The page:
The mind has taken a leap in language. He curses like a brook, pure poetry…. We're the fabled damned if we put it down. He's probably the greatest poet in America, and he's starving in Europe. (p. 10)

Allen Ginsberg, in his introduction to Gasoline by Gregory Corso (© 1958 by Gregory Corso; reprinted by permission of City Lights Books), City Lights Books, 1958, pp. 7-10.

Gerard J. Dullea

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[Corso] has neither the philosophical depth or breadth of Ginsberg, which is considerable, no matter what an individual's reaction to him might be. But in many ways, Corso's poetry is more pleasing than Ginsberg's, perhaps because it is more easily recognized as being within more major traditions, especially in the sense of the poetic line; we have come to expect lines that are shorter than a page is wide. Another more comfortable aspect of Corso's poetry is that he has more "negative capability" than does Ginsberg. Like Ginsberg, and most Romantics, his constant concern is with the Self, but he nearly always manages to distill turbulent emotions so that they "merely" inform the intellectual experience of the poem, instead of comprising the poem as do Ginsberg's in "Howl," for example.

But Corso is not an intellectual poet. Anything but. He is, like Ginsberg, a poet of the senses and...

(This entire section contains 1155 words.)

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of the imagination…. Ginsberg frequently seems to deliver immediate sensual experiences; Corso usually refines and alters those experiences through his very vivid imagination.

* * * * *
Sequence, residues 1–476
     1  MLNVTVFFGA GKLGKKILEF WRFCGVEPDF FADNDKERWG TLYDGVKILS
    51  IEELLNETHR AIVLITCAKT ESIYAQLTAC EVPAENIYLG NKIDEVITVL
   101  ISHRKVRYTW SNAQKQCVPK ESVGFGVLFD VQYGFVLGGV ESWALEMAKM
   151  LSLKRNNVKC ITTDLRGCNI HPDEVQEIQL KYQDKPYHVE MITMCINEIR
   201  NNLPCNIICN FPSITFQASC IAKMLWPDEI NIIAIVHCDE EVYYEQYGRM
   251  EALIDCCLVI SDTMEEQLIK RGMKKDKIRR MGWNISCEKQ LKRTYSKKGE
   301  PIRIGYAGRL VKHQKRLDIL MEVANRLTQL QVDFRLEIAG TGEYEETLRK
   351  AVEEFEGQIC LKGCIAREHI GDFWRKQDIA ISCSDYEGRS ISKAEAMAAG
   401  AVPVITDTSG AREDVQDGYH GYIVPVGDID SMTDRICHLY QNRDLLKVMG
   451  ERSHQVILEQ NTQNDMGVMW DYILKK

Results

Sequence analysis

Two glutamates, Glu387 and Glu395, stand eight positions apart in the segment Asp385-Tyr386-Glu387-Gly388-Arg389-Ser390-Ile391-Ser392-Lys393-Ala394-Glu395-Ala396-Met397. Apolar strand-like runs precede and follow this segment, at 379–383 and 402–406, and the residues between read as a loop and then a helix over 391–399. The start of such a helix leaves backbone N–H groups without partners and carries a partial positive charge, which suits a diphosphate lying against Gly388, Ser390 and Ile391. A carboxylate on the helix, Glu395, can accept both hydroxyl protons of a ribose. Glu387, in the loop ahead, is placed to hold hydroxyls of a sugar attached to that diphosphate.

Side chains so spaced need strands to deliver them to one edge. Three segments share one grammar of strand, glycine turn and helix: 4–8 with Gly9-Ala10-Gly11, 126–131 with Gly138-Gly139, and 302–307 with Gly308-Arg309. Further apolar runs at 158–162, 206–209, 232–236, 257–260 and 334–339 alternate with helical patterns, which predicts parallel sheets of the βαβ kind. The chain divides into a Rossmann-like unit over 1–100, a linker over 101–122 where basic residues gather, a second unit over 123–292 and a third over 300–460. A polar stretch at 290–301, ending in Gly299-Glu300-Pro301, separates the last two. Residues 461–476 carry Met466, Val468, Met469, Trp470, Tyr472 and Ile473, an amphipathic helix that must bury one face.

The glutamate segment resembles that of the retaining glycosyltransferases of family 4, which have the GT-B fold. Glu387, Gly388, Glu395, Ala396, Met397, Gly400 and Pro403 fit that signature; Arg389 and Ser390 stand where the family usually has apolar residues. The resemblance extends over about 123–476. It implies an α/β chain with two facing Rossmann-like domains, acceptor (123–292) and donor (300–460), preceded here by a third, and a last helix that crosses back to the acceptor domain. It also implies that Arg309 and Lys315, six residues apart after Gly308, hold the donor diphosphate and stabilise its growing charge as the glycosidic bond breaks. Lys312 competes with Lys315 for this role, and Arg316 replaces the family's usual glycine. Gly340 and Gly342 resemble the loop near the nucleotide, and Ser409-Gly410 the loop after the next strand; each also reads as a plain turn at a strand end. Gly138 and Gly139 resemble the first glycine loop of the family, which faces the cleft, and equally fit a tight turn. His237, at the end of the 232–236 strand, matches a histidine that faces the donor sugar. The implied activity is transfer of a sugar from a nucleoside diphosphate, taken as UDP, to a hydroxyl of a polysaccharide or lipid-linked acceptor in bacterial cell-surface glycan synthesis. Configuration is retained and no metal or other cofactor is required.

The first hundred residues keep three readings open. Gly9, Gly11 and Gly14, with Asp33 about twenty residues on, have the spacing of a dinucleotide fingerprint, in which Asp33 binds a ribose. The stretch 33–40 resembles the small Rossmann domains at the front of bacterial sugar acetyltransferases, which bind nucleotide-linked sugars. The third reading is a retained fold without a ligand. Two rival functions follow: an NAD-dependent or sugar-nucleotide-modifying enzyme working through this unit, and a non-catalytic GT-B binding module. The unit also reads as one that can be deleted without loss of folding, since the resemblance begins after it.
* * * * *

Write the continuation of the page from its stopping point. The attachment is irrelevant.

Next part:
The exercise of this imagination is one of the most characteristic features of Corso's poems, and it works against some of the more objective features. Usually, it takes the form of an absurd, surreal, or illogical phrase such as Ginsberg's own "reality sandwich." And the effect is frequently one of cleverness, of a poet playing his creative game to the utmost. But frequently he thus turns poetry almost into a game of solitaire, since the reader cannot fully understand or even appreciate the composition of a particular phrase because the connection is individualistic and private, apparently known to Corso alone. The connection between the elements of his phrasing may derive partially from hallucinogenics (as is obviously implied in the title of one poem, "Under Peyote"), as some features of Ginsberg's poetry may, but the source of the characteristic in either case is not so important as is its existence. And this existence presents a very difficult, if not impossible, critical problem.